The flat above Cody’s shop could be generously described as cosy. The spare room had enough space for just a single bed and a tallboy but Lauren didn’t mind. The bedstead was made of cast iron, the posts topped with brass balls, like the one in Bedknobs and Broomsticks, the bed itself was covered with a snowy white counterpane. The chest of drawers was elderly and pine, battered in places, but the drawers were deep and lined with tissue paper. On the top was a mirror, silvered with age but still clear. Lauren’s reflection stared back at her. Her dark hair was in need of a cut, flopping over her forehead; she pushed it out of the way and scrutinised herself. Although in her late twenties she could pass for younger, had regularly been carded in bars across the states. She didn’t have the pinched whiteness of the New Englanders around her, her skin retaining the healthy glow of an Arizona winter tan. As she pushed her hair back on her head, she couldn’t meet her own eyes, their colour too close in shade to Julia’s.

Julia. When had she started thinking of her as Julia rather than Deputy Sanchez? She stepped away from the mirror and moved to the window. The tiny room was in the eaves of the house, the window set in the pitch of the roof. From up here, Lauren could see over the roofs of the shorter buildings opposite, across to the edge of the sea. She pushed the window open and leaned out, the skin of her still tanned face assaulted by a frigid onshore breeze that smelled of ozone and salt water, the slight tang of decaying seaweed and fish. It was as familiar as the smell of her own sweat, and she had missed it in the arid heat of the desert and the thin carbon monoxide air of the cities. Thrilling as they were, they had been alien, and to an extent that was the point, Lauren had wanted to lose herself in other places. But now the smell calmed her. She was close to home without actually admitting defeat and being there.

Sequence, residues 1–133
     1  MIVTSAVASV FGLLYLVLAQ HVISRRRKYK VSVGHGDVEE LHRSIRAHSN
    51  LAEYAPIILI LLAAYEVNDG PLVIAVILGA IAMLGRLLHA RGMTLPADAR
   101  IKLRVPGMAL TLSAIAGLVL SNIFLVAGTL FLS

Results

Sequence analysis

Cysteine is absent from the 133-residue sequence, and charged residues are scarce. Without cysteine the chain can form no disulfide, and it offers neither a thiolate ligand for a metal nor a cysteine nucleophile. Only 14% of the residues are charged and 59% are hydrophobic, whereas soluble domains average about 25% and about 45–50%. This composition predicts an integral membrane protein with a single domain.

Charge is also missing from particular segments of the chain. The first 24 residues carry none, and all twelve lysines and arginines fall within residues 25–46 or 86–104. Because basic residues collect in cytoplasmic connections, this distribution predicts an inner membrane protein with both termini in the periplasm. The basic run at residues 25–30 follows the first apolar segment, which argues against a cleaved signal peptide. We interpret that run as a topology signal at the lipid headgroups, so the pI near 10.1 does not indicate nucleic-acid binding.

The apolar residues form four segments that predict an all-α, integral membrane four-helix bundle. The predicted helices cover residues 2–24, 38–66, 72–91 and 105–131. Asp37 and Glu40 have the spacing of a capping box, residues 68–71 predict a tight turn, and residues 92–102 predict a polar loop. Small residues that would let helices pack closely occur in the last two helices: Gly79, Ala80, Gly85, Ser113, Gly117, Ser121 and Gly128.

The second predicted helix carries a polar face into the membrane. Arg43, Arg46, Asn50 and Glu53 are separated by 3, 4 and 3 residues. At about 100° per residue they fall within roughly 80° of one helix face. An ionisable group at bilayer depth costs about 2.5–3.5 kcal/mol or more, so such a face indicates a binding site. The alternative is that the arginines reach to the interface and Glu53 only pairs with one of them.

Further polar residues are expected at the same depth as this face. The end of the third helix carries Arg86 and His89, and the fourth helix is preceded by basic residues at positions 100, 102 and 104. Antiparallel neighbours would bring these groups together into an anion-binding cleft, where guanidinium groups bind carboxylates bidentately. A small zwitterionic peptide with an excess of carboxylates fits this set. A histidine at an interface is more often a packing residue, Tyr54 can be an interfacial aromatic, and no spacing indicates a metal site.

Cody was surprisingly easy to live with and Lauren picked up her ways quickly. The older woman was inhuman until she’d had her morning coffee. It was the only cup she had, switching to English Breakfast tea after that, but Lauren doubted anyone’s heart could stand more than that small amount. It was thick and black and strong enough to raise the dead. Cody kept the coffee machine in the kitchen at the back of the shop but that was for visitors: the rare customer Cody took a liking to, the late middle aged postman who came in everyday at eleven, for Julia when she came in at three. Cody looked forward to Julia visiting, it didn’t take an intuitive person to work that one out. At about a quarter to three, she’d go into the kitchen to set the machine up to make a fresh pot. Lauren never saw her do that for anyone else. When her face lit up with happy anticipation, Lauren felt a twinge of something close to jealousy, instantly despising herself for her unreasonable, childish behaviour. The women had known each other for years, had known her a month. She couldn’t expect Cody to get excited at the prospect of seeing her, couldn’t expect Julia to look at her with warmth in her eyes.